• August 18, 2021

    US, Vietnam Still Seeking Settlement In WTO Fish Dispute

    The World Trade Organization once again delayed its decision in Vietnam's challenge of U.S. duties on frozen fish fillets, according to a notice published Wednesday, as the two governments continue to work toward a resolution in the dispute.

  • August 17, 2021

    Devas Proxies Get OK To Begin Discovery In $1.3B Award Row

    A federal judge in Washington state said Devas Multimedia shareholders would be permitted to track down assets and enforce a $1.3 billion arbitral award they say is owed by Indian space agency Antrix, ruling on Monday that the investors have the legal authority to do so.

  • August 17, 2021

    Chinese Lender Nabs $3.5M Arbitration Award On Default

    A Massachusetts federal judge has ordered a bike-share entrepreneur to pay a Chinese lender a $3.51 million arbitration award rendered in Guangzhou, China, saying his various startups must transfer all of his stock and management rights to the lender.

Expert Analysis

  • 4 Effective Ways To Prioritize Client Advocacy

    Author Photo

    To truly support a client going through a complicated lawsuit or a painful experience, lawyers must think beyond interpreting legal guidelines and navigating court proceedings, says attorney Scott Corwin.

  • Remote Law Firm Culture Should Prioritize Associate Training

    Author Photo

    Due to the pandemic, the gap between law school and the first day on the job has never been wider, but law firms can leverage training to bridge that intimidating gap and convey the unique value of their culture in a virtual environment, say Melissa Schwind at Ward and Smith, and William Kenney and Jaron Luttich at Element Standard.

  • Virtual Litigation May Unravel The Narcissistic Lawyer

    Author Photo

    The virtual courtroom limits a narcissistic lawyer's ability to intimidate witnesses and opposing counsel, boast to clients or engage in grandstanding — an unexpected benefit of the global pandemic as some aspects of remote litigation are likely here to stay, says Jennifer Gibbs at Zelle.

  • ABA Remote Work Guide Raises Bar For Atty Tech Know-How

    Author Photo

    A recent American Bar Association opinion on lawyers' ethical duties of competence and confidentiality when working remotely should be viewed as part of a larger movement by which attorneys are being exhorted to develop competence in 21st century technology, say Jennifer Goldsmith at Ironshore and Barry Temkin at Mound Cotton.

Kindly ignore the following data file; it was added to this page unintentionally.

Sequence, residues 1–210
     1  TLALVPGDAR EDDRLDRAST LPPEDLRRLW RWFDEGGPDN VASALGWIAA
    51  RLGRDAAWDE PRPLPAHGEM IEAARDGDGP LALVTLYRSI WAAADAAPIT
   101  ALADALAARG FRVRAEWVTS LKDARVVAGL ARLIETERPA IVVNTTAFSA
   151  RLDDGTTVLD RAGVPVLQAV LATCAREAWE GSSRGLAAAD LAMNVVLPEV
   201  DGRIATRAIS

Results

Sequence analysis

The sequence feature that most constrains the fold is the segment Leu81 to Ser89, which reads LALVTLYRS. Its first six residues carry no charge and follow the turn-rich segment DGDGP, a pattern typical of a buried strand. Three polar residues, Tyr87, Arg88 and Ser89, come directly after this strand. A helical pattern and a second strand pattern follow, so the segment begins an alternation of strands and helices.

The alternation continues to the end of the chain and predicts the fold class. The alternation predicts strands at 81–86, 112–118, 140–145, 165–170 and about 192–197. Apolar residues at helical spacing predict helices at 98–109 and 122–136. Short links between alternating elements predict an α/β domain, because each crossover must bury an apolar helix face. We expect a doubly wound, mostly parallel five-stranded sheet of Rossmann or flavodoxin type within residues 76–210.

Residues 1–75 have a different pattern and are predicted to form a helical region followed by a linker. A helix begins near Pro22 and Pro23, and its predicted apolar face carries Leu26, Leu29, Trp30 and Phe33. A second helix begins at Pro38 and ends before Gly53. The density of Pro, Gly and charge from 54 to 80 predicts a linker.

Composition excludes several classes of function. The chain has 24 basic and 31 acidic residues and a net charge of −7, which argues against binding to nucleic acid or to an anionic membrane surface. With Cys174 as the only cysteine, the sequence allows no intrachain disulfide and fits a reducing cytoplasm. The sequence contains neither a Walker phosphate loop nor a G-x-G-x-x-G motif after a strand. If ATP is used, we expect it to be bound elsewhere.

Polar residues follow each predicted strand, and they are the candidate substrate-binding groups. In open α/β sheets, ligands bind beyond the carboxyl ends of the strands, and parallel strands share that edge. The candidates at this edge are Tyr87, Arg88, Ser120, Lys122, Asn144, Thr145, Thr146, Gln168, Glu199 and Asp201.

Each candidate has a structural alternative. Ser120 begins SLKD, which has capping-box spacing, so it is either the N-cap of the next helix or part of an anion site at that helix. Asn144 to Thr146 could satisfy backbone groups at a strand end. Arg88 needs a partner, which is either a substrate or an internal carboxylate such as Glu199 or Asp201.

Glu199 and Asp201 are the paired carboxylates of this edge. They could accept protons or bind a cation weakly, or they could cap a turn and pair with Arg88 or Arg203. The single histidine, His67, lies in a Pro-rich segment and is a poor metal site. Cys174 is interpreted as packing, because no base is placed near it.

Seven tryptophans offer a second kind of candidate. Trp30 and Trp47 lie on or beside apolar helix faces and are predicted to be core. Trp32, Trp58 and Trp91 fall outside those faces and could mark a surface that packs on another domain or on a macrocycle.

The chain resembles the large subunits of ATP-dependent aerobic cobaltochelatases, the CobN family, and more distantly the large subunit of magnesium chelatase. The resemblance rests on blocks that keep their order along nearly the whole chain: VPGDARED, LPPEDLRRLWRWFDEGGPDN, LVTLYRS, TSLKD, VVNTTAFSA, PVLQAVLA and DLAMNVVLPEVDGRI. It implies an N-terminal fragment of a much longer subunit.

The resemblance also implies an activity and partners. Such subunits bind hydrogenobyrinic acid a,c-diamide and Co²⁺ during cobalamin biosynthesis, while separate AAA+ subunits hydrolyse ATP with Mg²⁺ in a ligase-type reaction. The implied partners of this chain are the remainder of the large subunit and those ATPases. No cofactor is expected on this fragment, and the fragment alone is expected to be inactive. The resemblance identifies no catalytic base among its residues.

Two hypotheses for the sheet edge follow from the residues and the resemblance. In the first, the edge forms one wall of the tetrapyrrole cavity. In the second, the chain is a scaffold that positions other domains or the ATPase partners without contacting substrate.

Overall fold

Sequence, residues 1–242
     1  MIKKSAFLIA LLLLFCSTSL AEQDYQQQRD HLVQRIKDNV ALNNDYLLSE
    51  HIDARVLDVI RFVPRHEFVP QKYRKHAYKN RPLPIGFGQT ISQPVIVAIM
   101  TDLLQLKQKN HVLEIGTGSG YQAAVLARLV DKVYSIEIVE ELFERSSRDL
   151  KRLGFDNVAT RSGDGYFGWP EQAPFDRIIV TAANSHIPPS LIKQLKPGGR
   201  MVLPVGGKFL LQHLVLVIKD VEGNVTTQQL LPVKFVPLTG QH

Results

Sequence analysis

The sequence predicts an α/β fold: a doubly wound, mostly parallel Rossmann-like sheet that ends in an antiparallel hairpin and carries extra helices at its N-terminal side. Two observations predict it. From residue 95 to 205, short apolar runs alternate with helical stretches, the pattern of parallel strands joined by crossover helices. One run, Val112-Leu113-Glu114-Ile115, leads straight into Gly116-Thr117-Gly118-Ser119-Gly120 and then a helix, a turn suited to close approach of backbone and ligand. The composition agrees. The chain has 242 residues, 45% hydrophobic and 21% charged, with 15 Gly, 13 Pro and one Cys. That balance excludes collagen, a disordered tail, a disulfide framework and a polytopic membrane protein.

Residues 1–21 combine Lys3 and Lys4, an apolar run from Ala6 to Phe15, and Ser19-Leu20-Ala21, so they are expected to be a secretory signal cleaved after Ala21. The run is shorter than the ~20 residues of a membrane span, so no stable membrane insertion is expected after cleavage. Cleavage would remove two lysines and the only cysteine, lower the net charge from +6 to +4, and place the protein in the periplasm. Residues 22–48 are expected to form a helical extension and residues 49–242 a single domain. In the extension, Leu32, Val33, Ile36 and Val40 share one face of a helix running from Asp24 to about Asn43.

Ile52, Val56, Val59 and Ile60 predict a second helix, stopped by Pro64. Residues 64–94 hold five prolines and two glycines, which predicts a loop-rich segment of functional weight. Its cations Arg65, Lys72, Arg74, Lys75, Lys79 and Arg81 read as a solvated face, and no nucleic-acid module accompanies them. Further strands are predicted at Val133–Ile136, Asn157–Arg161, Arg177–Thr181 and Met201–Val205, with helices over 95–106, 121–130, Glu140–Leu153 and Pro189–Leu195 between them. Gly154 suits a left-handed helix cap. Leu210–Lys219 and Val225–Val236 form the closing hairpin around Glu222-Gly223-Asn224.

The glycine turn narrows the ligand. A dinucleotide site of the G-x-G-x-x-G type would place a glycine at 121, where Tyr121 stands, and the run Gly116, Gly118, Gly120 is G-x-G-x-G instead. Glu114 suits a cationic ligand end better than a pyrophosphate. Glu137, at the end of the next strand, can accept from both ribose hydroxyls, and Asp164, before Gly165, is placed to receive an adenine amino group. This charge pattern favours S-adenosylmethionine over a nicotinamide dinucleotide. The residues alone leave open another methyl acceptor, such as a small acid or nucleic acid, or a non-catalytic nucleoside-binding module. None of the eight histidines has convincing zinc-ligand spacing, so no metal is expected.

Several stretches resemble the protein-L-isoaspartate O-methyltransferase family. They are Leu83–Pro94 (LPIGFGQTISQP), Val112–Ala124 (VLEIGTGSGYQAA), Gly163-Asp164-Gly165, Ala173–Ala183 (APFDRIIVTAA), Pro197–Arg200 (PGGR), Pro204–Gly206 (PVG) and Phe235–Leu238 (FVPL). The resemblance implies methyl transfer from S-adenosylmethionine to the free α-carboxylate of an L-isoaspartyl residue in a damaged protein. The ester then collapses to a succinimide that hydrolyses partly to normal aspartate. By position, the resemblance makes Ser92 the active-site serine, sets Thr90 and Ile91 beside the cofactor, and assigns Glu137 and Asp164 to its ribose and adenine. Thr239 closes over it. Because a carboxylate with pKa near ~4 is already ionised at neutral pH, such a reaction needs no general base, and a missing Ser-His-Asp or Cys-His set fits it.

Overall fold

• Lateral Hire Conflict Screening Lessons From DLA Piper Case

    Author Photo

    While a Texas federal court recently denied a motion to disqualify DLA Piper from representing Apple in a patent dispute after the law firm hired an attorney who formerly represented opponent Maxwell, the case is a reminder that robust conflict checks during lateral hiring can save firms the time and expense of defending disqualification motions, says Hope Comisky at Griesing Law.

  • Opinion

    High Court Int'l Discovery Case Fits Mootness Exception

    Author Photo

    Even if the underlying arbitration in Servotronics v. Rolls Royce concludes before the U.S. Supreme Court decides the case, the court should recognize an exception to mootness and resolve the circuit split on whether a U.S. discovery statute applies to international commercial arbitration, say attorneys at Freshfields.

  • How USMCA Empowers Investors Against Mexico Power Law

    Author Photo

    U.S. and Canadian investors in Mexico's energy sector pursuing legal remedies against the country's newly amended Electricity Industry Law, which introduces preferences for the Mexican state-owned utility, should consider the ways they can seek relief under the U.S.-Mexico-Canada Agreement, say attorneys at WilmerHale.